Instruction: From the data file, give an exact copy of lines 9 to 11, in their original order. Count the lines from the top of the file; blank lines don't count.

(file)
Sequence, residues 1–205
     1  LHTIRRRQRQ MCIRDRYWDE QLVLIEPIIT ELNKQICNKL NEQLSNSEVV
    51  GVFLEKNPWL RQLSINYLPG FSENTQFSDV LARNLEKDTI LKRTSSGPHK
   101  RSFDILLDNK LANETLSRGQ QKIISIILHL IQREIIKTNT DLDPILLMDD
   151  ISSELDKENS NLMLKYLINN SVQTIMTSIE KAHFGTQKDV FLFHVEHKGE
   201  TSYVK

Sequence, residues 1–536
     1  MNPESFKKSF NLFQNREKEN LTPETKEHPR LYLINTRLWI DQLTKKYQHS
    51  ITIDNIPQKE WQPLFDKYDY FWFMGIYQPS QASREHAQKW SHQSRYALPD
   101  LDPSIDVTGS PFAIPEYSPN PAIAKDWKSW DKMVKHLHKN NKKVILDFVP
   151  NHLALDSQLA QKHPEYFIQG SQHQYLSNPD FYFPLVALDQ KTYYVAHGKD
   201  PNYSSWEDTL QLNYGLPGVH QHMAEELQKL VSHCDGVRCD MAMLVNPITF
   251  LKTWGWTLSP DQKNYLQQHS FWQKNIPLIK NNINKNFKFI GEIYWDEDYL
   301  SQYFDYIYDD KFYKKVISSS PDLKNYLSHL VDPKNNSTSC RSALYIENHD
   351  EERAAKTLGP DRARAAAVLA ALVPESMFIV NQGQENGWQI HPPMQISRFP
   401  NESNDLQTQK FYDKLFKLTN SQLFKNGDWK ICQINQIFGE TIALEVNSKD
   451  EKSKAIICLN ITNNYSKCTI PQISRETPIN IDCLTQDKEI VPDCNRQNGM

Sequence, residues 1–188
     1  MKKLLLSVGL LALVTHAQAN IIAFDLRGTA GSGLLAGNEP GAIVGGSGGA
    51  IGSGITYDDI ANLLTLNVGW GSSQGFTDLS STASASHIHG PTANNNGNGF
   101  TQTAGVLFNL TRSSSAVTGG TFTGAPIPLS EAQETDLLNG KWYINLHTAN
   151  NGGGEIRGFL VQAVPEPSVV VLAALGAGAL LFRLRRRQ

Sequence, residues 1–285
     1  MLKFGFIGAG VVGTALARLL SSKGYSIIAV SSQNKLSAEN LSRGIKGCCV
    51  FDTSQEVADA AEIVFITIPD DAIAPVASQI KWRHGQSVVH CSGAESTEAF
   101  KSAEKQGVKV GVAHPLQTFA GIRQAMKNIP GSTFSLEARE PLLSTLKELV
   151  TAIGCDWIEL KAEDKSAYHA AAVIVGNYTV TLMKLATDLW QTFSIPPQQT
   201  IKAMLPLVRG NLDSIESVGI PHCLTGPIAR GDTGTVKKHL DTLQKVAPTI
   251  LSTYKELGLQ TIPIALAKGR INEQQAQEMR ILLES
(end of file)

    51  ITIDNIPQKE WQPLFDKYDY FWFMGIYQPS QASREHAQKW SHQSRYALPD
   101  LDPSIDVTGS PFAIPEYSPN PAIAKDWKSW DKMVKHLHKN NKKVILDFVP
   151  NHLALDSQLA QKHPEYFIQG SQHQYLSNPD FYFPLVALDQ KTYYVAHGKD